3. Holiness is manifest in your speech. (Chapter 3)

Now let’s glue these together and see if we can get something that flows better. Here is my best attempt:

As a Christian, we must grow to maturity by trusting God in difficulties, and His Word will help us by renewing the way we think about our circumstances; in other words, we are immersed in the messiness, yet unstained by it. With this in mind, getting messy requires that we look after the poor in our own church, because God loves them, and generosity is evidence of genuine faith in us. To be unstained by the world requires keeping a firm watch on the things we say, since holiness is manifest in our speech.

A shorter version of this might be:

True faith makes the church grow in holiness and generosity together.

Chapter 4 starts to feel a bit like disjointed proverbs (more so than before!). But a close look reveals a steady pattern. Let’s read through the text all at once before we dive into the details. Remember that what I believe are key verses will be in italics. Any suggestive motifs I’ve put in green; these are useful in identifying the dominant idea of the chapter which is what we’re going to need when we do Biblical Theology (or any sweeping study). I’ve included the entire chapter this time.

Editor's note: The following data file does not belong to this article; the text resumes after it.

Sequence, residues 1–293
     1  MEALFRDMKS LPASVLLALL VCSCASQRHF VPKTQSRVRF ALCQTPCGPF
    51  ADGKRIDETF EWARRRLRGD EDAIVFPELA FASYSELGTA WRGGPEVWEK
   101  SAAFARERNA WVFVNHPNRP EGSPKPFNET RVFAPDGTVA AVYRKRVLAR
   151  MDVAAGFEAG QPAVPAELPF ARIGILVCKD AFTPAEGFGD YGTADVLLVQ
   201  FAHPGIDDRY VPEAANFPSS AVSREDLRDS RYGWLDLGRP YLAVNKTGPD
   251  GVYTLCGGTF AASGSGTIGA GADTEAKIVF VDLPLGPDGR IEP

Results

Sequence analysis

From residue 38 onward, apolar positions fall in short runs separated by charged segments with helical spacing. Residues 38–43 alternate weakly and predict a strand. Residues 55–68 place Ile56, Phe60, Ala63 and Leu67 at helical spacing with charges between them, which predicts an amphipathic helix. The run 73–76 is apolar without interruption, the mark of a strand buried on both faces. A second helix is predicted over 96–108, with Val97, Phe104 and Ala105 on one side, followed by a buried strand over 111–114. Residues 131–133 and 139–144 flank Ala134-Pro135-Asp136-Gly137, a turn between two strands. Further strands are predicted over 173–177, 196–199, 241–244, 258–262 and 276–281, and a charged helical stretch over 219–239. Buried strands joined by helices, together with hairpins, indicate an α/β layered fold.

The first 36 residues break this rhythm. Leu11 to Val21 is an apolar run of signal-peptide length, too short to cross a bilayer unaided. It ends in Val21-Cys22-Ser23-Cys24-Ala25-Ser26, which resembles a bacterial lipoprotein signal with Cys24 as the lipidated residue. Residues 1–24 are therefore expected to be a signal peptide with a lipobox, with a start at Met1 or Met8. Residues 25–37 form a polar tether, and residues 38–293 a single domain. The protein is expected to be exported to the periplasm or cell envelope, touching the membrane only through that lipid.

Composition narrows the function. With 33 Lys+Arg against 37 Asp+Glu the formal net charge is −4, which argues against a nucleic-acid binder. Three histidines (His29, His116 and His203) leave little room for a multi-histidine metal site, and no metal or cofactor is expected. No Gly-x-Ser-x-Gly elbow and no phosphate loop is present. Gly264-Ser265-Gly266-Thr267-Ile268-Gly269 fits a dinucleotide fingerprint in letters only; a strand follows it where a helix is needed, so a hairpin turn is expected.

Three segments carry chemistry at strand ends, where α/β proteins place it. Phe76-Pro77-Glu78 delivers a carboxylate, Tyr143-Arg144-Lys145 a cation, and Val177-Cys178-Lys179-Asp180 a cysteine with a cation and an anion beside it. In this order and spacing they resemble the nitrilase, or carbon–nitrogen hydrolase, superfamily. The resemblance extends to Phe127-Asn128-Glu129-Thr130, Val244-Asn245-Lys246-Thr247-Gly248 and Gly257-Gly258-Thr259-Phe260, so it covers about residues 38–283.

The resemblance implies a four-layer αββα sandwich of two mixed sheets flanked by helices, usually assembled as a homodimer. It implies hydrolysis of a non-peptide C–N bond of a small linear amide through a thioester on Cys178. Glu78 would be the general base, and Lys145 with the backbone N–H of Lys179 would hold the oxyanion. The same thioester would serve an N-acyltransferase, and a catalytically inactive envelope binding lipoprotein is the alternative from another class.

James 4:1-17 “What is the source of wars and fights among you? Don’t they come from the cravings that are at war within you? You desire and do not have. You murder and covet and cannot obtain. You fight and war. You do not have because you do not ask. You ask and don’t receive because you ask with wrong motives, so that you may spend it on your evil desires. AdulteressesDon’t you know that friendship with the world is hostility toward God? So whoever wants to be the world’s friend becomes God’s enemy. Or do you think it’s without reason the Scripture says that the Spirit who lives in us yearns jealously? But He gives greater grace. Therefore He says: ‘God resists the proud, but gives grace to the humble.’ Therefore, submit to God. But resist the Devil, and he will flee from you. Draw near to God, and He will draw near to you. Cleanse your hands, sinners, and purify your hearts, double-minded people! Be miserable and mourn and weep. Your laughter must change to mourning and your joy to sorrow. Humble yourselves before the Lord, and He will exalt you. Don’t criticize one another, brothers. He who criticizes a brother or judges his brother criticizes the law and judges the law. But if you judge the law, you are not a doer of the law but a judge. There is one lawgiver and judge who is able to save and to destroy. But who are you to judge your neighbor? Come now, you who say, “Today or tomorrow we will travel to such and such a city and spend a year there and do business and make a profit.” You don’t even know what tomorrow will bring—what your life will be! For you are like smoke that appears for a little while, then vanishes. Instead, you should say, “If the Lord wills, we will live and do this or that.” But as it is, you boast in your arrogance. All such boasting is evil. So it is a sin for the person who knows to do what is good and doesn’t do it” (HCSB).